According to public statements from the three Facebook services, Facebook, Instagram, and WhatsApp suffered outages on Monday.
Notably, outage tracking site Down Detector logged tens of thousands of reports for each of the services. Facebook would not load. Meanwhile, Instagram and WhatsApp were accessible but could users could not load new content or send messages.
The outage came in the wake of mounting difficulties for the company.
At a Senate hearing on September 30, Sen. Richard Blumenthal pressed the Facebook global head of safety Antigone Davis on Facebook-owned Instagram and the platform’s potential negative impact on minors, particularly young girls.
Additionally, earlier on Sunday, “60 Minutes” aired a segment. In it, Facebook whistleblower Frances Haugen claimed Facebook is aware of how its platforms are used to spread hate, violence, and misinformation. Notably, the firm has tried to hide that evidence.
The interview came after weeks of reporting about and criticism of Facebook after Haugen published thousands of pages of internal documents to regulators and the Wall Street Journal. On Tuesday, Haugen should testify before the Senate subcommittee on Consumer Protection, Product Safety, and data security.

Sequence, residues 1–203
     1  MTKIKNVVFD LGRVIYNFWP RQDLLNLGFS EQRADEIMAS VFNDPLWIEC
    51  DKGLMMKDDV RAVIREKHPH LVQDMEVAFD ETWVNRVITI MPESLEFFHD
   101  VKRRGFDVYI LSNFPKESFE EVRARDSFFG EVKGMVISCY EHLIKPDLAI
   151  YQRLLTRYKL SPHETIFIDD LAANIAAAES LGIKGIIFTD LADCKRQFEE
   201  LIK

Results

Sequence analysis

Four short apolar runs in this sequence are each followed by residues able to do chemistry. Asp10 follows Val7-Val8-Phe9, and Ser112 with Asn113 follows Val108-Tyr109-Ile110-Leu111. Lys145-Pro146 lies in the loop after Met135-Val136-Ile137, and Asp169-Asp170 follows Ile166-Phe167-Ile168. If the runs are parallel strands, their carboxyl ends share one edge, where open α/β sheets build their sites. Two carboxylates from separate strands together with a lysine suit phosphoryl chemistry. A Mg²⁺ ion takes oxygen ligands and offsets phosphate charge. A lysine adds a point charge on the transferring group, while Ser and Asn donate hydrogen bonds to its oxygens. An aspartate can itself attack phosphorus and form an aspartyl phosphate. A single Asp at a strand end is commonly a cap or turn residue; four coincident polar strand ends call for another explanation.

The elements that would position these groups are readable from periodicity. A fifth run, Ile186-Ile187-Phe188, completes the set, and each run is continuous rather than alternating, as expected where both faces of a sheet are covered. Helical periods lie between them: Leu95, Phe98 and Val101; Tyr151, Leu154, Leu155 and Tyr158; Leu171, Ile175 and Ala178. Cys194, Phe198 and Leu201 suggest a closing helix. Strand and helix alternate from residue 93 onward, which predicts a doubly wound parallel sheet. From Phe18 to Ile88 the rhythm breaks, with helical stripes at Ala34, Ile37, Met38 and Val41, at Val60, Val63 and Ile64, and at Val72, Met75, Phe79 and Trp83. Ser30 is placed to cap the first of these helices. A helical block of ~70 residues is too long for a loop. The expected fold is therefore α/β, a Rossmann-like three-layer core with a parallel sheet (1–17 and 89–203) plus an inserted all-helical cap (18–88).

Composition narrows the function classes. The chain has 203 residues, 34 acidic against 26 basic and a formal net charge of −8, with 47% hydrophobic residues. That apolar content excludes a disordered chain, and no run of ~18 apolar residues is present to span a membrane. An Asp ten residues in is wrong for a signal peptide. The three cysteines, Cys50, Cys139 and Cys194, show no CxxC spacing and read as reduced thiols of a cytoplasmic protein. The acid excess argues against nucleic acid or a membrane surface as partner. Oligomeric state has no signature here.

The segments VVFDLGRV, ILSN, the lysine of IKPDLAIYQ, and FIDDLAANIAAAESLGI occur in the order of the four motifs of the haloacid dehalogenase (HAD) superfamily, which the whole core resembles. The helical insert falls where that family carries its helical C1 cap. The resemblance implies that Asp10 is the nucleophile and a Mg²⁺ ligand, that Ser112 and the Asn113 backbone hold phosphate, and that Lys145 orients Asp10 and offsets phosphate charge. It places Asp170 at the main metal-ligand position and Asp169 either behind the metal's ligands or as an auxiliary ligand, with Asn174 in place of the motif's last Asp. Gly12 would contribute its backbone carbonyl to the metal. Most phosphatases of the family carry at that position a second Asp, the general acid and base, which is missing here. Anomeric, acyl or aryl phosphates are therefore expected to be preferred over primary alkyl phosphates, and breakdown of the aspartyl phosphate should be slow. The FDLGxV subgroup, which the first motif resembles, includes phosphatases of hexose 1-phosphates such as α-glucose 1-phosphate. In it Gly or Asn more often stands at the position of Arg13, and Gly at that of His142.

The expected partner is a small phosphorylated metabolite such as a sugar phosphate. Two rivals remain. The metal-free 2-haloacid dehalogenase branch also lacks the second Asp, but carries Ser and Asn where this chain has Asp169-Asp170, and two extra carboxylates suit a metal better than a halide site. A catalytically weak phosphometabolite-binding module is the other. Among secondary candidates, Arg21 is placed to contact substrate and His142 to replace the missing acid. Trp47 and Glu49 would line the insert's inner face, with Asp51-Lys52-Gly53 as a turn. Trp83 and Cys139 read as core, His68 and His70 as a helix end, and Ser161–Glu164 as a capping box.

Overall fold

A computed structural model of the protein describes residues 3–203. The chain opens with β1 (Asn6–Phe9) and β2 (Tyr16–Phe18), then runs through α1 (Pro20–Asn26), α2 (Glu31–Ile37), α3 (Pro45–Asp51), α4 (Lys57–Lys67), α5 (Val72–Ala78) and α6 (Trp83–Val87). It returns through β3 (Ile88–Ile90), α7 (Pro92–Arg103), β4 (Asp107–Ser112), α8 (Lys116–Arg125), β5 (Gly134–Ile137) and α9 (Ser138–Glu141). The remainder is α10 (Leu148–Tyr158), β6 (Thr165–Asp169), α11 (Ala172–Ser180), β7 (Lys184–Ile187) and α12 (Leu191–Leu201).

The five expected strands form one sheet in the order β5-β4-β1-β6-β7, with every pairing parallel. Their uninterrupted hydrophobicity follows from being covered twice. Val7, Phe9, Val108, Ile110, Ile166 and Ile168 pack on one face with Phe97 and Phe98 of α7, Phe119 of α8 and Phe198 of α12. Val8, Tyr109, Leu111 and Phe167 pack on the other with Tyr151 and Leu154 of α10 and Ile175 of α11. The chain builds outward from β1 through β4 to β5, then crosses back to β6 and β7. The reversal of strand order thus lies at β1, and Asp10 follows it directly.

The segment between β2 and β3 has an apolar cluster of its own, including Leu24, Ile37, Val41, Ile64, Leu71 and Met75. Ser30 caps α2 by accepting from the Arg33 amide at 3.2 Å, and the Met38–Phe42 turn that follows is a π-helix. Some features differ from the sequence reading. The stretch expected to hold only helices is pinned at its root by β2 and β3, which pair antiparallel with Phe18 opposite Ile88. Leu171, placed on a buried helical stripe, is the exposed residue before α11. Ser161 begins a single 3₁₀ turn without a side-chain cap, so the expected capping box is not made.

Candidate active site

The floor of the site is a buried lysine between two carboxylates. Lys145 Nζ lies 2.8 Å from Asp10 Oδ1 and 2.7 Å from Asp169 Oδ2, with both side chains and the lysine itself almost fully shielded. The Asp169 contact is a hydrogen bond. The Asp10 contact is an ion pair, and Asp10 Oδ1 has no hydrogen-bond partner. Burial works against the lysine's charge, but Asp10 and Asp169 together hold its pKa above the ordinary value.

Facebook, Instagram, and WhatsApp all suffered significant issues for about six hours was a major event for many users.
Facebook Has No Evidence that User Data Was Compromised During This Downtime
According to Doug Madory, director of internet analysis at network monitoring firm Kentik, firms sometimes lose internet connectivity when they update their network configurations, mentioning Fastly. It experienced a global internet outage for about 50 minutes.
However, Madory says that the fact that a company was offline for around six hours indicates there was no quick fix for the issue.
Santosh Janardhan, Facebook’s VP of infrastructure, announced the company was sorry for the inconvenience of the outage across its platforms.
He added that Facebook’s engineering teams had discovered that configuration changes on the backbone routers that coordinate network traffic between its data centers caused issues that affected this communication. This disruption to network traffic had a cascading effect on how Facebook’s data centers communicate, halting its services.
Janardhan announced that the firm has no evidence that user data took a hit during this downtime.
As services started to come back online, Facebook CEO Mark Zuckerberg posted to his Facebook page. He informed users that Facebook’s services, Facebook, Messenger, Instagram, and WhatsApp, were coming back online. Mark apologized to users for the disruption.